RIO4560 Fiat 238 Tetto Alto

Service Van Lancia Racing 1975-1977

 

RIO4561 Volkswagen Beetle with skis 1953

This is again a very strange looking model. This Beetle has an oval rear window from 1953, but lacks the quarter lights in the doors and has the bumpers of a 1948 car. In between the windscreen wipers  there are air intake slots like those fitted to the Beetle from 1968 onwards. The rear lights are round, in original it were oval to this time. The model has been put together with no regard for accuracy.

 

RIO4562 Fiat 1500 6C

Police 1950

 

RIO4563 Fiat 519

Italian Red Cross 1932

 

RIO4564 Fiat 128 Rally 1971

Green

 

RIO4565 Volkswagen Beetle 1200 De Luxe 1953

Bordeaux red

Once again a very strange looking model and unauthentic. Oval rear window from 1953, but no quarter lights fitted at that time.bumpers of a 1948 car. In between the windscreen wipers  there are air intake slots like those fitted to the Beetle from 1968 onwards. The rear lights are round, in original it were oval to this time. The model has again been put together with no regard for accuracy.

 

RIO4566 Fiat 18 BL truck 1918

Italian Army


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The Essence of the Car – 2018 plans

By David Roots

All photographs provided by the Author.

The next four models to be released in the Essence of the Car range will be the cars described below. All have distinctive shapes which will suit the simple approach of this range of models made to 1:43 scale.

 

Mercedes Benz W129 540K.

The body, designed by Paul Jaray originally built for the 540 K Streamliner was designed to allow it to drive at high speeds for long periods of time and as efficiently as possible, and to that end it also incorporated a number of weight-saving technologies.

It was meant to compete in the Berlin-Rome race that never happened — WWII intervened. Powered by a 5-litre inline-eight helped by a supercharger, the car produced an impressive 180 hp.

 

Quantum V Sports Car.

The Quantum V was the last model designed by Walter Kern of Quantum Motor Cars in the United States 1965 and only one was produced. The Quantum V was manufactured using a modified Ginetta fibreglass body and used Saab mechanical parts.

 

Volkswagen Type 60K10

Also known as the Type 64, it is considered by many to be the first car from what was to become the Porsche company, and a true design precursor to the post-war production model. The model number comes from the fact that it was built mainly from design drawings for the Type 64 “record car”. Most mechanical parts came from the 1938 prototype series.

 

Ginetta G4.

Because the Quantum V used a modified Ginetta G4 fibreglass body. The natural progression will be to add this car to the collection.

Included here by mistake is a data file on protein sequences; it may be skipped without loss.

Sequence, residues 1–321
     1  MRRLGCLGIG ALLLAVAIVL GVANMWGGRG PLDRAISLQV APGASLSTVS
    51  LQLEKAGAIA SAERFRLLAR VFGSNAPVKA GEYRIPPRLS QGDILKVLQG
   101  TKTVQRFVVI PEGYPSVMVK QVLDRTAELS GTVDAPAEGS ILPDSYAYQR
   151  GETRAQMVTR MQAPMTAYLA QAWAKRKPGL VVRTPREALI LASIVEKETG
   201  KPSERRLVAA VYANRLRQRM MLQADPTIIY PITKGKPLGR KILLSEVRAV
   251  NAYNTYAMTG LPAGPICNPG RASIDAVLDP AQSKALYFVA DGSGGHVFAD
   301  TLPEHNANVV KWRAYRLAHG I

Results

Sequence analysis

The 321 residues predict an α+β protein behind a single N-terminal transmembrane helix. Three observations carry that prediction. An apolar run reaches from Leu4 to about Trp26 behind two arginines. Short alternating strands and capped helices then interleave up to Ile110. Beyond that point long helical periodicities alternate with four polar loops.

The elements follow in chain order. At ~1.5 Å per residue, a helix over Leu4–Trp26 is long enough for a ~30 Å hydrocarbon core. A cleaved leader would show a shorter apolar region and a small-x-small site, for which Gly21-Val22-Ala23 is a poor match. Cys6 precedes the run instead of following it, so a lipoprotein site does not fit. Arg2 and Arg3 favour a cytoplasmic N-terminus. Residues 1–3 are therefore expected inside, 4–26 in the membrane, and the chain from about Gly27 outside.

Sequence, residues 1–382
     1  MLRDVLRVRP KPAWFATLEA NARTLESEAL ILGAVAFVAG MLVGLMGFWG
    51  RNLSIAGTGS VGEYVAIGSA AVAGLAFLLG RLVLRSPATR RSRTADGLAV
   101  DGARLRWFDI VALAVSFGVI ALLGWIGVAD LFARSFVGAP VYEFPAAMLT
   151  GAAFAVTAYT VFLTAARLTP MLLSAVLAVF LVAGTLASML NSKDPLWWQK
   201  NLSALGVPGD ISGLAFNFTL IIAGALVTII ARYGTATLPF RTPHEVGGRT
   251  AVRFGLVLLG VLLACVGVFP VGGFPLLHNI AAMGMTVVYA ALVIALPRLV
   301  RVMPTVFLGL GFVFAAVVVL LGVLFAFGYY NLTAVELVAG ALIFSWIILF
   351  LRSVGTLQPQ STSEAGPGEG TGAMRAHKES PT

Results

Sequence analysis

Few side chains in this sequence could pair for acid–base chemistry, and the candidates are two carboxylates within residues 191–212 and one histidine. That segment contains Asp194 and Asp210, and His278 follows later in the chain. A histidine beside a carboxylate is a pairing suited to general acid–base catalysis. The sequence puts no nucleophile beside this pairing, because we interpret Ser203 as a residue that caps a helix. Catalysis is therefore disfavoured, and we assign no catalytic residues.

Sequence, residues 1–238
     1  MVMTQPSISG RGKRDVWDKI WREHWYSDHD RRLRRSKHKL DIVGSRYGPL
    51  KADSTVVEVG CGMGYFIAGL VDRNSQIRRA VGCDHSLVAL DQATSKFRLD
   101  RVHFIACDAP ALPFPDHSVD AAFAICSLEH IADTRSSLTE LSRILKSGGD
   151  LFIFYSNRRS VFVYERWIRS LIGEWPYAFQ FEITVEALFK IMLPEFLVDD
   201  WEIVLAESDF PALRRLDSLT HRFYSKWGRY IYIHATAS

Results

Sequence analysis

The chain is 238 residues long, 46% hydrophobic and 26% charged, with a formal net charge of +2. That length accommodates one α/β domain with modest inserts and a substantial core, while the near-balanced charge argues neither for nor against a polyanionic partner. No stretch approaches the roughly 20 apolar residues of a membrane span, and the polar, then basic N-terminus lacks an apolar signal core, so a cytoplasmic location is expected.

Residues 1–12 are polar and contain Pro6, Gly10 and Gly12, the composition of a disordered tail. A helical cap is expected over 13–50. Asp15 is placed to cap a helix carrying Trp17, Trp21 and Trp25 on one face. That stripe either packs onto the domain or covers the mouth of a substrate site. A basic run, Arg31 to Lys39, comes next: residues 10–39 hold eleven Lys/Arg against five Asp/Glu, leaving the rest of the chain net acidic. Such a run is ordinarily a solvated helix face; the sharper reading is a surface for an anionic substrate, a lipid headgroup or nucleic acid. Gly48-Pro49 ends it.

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Atlas Germany Ambulance Collection – Part Seven

By Hans-Georg Schmitt

All text and photographs by, and copyright of, the Author.

The Atlas Ambulance Cars collection continues to be issued with two more items to 1:43 scale appearing since my last report.

7 495 114 Mercedes-Benz G-Class

On 1st February 1979 production of the Mercedes-Benz G-Class began in the Austrian city of Graz. The first Mercedes-Benz cross-country vehicle since the Second World War was developed in co-operation between Daimler-Benz and Steyr-Daimler-Puch which started in 1977.

The vehicle has since been used by businesses, private individuals, by utility firms, and for military purposes. Its suitability for off-road rescues because of its permanent four-wheel-drive.was identified early in its life.  Different rescue organisations are still using the G-class as emergency doctor´s cars today. The miniature shows an “Emergency Doctor Action Vehicle”, this means, that the doctor does first aid and prepares the patient for transfer to hospital by Ambulance and then moves on to the next call.

The model is true to the original shape and the livery is authentic. Many small separate parts are fitted and a baseplate with some detail fitted. The German registration plates are issued by Neustadt an der Waldnaab, not far away from the “Richard Wagner Town”, Bayreuth.

 

7 495 115 Saab 9-5 Sportcombi

In 1949 the Swedish aircraft manufacturer started their car production with the Saab 92. After many years with moderate success, the automobile production was sold to General Motors, who did not manage to grow the brand as they had hoped, and they sold Saab to the Dutch super sports car manufacturer Spyker who, under-capitalised and inexperienced in mass manufacturing, led the firm into insolvency in 2011.